Thianjin Binhai Library, the eye that looks from within
A new library opened its doors to the public at the end of 2017 in China, more specifically in Tianjin, 120 km north of Beijing. The event represents a success in an era characterized by digital publications, where being able to capture and hold the attention of audiences requires more than books in a structure like this.
Its creators thought of everything. The success behind this intellectual adventure is a combination of a limited book collection with an impressive architectural piece of futuristic design that offers its visitors internal and external panoramic views of this masterpiece.
A look at culture
Beyond being a library, this is a comprehensive cultural center that attempts to connect a beautiful outdoor park with the construction. Besides, it constitutes an educational center with an inner high-technology auditorium.
The objective of the project, which was developed by the Tianjin Urban Planning and Design Institute (TUPDI) jointly with the Dutch firm MVRDV, is the creation of the Tianjin cultural district to promote tourism, cultural activities, and a greater civic participation from its citizens. The library also has the ambition to become the epicenter of the community and a junction point between the historical center, residential neighborhoods, commercial areas, government district, and the financial center.
Inside the eye
The building is constituted by 5 outer floors with telematics rooms, as well as multipurpose convention halls and meeting rooms. Additionally, the structure offers classrooms, an underground hall for book storage and maintenance, and a large archive.
On the Main floor – that resembles the pupil of the eye- is the ultra-modern auditorium, which is covered on the outside by a glass panel that provides a global view of the library and at the same time reflects the beautiful outdoor park. The impressive curved grandstands that surround the globe multiply all the way to the ceiling and are full of bookshelves with approximately 200,000 volumes, a number that is expected to reach 1,500,000.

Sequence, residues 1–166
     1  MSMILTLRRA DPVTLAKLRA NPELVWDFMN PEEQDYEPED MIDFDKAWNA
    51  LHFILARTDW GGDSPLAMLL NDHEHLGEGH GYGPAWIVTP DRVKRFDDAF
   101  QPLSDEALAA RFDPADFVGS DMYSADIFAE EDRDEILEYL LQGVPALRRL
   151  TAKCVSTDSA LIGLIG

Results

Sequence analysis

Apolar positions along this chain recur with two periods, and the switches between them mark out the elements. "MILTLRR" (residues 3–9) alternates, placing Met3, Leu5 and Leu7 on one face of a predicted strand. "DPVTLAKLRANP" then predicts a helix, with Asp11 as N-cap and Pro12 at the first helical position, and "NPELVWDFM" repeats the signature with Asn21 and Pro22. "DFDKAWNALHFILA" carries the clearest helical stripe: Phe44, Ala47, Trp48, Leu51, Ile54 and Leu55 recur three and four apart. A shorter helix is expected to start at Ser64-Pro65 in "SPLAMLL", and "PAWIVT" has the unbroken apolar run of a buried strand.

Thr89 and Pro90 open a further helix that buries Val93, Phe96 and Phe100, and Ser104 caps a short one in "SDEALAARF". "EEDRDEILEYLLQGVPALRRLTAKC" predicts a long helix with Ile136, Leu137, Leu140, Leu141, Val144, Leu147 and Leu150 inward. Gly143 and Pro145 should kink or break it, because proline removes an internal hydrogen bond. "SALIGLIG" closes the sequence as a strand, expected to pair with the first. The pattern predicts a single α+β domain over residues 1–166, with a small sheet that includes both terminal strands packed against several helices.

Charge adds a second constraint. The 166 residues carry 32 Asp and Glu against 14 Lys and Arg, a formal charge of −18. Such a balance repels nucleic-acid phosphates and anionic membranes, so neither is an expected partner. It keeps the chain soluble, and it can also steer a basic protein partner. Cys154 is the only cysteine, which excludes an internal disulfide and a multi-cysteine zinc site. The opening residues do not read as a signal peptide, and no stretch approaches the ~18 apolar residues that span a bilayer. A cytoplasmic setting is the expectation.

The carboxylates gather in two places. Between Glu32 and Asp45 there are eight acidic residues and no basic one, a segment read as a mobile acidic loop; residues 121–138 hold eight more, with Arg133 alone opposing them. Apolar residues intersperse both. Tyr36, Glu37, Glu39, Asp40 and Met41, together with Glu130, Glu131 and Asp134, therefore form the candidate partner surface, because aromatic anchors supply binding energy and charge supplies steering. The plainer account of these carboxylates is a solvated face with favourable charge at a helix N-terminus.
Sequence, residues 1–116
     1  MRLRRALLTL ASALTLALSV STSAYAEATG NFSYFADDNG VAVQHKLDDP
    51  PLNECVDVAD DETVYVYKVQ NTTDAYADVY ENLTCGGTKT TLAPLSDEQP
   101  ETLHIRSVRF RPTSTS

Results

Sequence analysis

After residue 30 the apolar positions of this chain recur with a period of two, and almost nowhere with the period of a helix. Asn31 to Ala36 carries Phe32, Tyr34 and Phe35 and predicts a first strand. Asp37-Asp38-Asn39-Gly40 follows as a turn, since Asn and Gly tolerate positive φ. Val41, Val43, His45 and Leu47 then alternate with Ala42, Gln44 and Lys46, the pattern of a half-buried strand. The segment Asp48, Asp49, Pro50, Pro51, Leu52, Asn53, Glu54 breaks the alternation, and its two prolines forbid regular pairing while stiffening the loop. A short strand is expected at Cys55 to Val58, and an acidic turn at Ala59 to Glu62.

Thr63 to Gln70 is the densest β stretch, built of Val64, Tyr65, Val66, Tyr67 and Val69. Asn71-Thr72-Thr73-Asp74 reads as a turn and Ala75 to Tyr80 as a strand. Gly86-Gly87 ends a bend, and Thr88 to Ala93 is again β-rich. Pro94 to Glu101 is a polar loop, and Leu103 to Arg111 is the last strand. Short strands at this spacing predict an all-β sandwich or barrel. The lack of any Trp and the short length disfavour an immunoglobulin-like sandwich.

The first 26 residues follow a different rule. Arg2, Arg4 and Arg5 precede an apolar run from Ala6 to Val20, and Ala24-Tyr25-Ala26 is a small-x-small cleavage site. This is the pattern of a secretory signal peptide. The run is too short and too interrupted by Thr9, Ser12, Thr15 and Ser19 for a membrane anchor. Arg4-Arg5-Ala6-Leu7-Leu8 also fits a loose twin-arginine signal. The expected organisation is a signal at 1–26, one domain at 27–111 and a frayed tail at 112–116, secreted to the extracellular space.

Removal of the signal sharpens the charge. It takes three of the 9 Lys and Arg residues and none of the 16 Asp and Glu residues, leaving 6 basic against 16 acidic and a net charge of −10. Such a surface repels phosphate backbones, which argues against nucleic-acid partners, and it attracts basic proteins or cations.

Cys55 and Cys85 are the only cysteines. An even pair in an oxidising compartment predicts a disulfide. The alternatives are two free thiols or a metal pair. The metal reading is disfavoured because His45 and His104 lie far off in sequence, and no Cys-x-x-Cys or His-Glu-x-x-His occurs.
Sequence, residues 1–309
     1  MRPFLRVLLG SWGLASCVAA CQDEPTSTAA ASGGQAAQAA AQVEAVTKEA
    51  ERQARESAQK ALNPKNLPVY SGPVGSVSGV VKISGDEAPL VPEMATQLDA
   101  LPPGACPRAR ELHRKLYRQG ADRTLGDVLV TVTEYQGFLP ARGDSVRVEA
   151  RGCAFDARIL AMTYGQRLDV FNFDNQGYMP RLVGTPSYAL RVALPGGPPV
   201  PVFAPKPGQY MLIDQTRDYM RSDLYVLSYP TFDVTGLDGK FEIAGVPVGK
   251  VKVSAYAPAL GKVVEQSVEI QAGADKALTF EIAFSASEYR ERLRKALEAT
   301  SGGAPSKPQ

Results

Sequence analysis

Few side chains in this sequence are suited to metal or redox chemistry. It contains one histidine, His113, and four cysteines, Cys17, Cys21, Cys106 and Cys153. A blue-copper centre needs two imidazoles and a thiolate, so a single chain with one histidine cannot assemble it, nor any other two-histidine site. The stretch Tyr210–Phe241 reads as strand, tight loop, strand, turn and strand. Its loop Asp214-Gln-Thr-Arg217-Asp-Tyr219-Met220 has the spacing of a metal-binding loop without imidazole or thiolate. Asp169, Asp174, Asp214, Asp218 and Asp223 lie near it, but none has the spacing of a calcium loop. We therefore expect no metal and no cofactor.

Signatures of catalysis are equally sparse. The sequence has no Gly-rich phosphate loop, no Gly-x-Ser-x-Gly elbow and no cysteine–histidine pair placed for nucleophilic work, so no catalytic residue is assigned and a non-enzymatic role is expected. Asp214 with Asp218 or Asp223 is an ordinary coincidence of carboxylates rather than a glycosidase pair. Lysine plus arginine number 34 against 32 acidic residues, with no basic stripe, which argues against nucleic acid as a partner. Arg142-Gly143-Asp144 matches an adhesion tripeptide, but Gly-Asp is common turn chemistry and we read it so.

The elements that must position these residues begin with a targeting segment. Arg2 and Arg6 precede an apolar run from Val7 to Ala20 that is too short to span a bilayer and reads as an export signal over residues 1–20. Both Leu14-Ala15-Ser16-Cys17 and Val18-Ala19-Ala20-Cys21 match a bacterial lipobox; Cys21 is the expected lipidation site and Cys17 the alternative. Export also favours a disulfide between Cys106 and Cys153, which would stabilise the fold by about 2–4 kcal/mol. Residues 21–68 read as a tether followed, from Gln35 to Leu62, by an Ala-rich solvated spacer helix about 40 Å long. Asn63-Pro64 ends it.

Most of the books are in the levels with the easiest access, so higher levels have more spare room, thus, being covered with printed aluminum plates that mimic book spines to deceive the eye of the spectator with an optical illusion called trompe l’oeil. The building’s facade is covered by oval shaped crystals that, playing with color and light, from the outside give the impression of looking at an eye that looks back at the observer.
The building has environment-friendly technology and the distribution of its services considers the needs of children, disabled individuals, and senior citizens to facilitate even more the comfort of its users. Besides, the project has been a success in terms of social media campaigns, which aim at encouraging reading and study habits.
So, this structure is proof that even today architecture and the old habit of reading can become best friends.